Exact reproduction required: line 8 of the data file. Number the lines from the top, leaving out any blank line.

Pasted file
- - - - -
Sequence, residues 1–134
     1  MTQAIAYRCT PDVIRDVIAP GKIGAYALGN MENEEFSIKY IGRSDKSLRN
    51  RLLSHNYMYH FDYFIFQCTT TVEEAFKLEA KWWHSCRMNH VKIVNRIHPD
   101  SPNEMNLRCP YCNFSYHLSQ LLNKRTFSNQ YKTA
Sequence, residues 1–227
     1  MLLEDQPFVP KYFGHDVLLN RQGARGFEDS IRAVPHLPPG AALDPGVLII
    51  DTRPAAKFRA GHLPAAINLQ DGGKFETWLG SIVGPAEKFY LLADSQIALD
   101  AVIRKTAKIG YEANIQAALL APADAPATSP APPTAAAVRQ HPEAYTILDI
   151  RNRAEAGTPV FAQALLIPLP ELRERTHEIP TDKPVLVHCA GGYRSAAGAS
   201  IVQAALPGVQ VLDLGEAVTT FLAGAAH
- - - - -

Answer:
   101  AVIRKTAKIG YEANIQAALL APADAPATSP APPTAAAVRQ HPEAYTILDI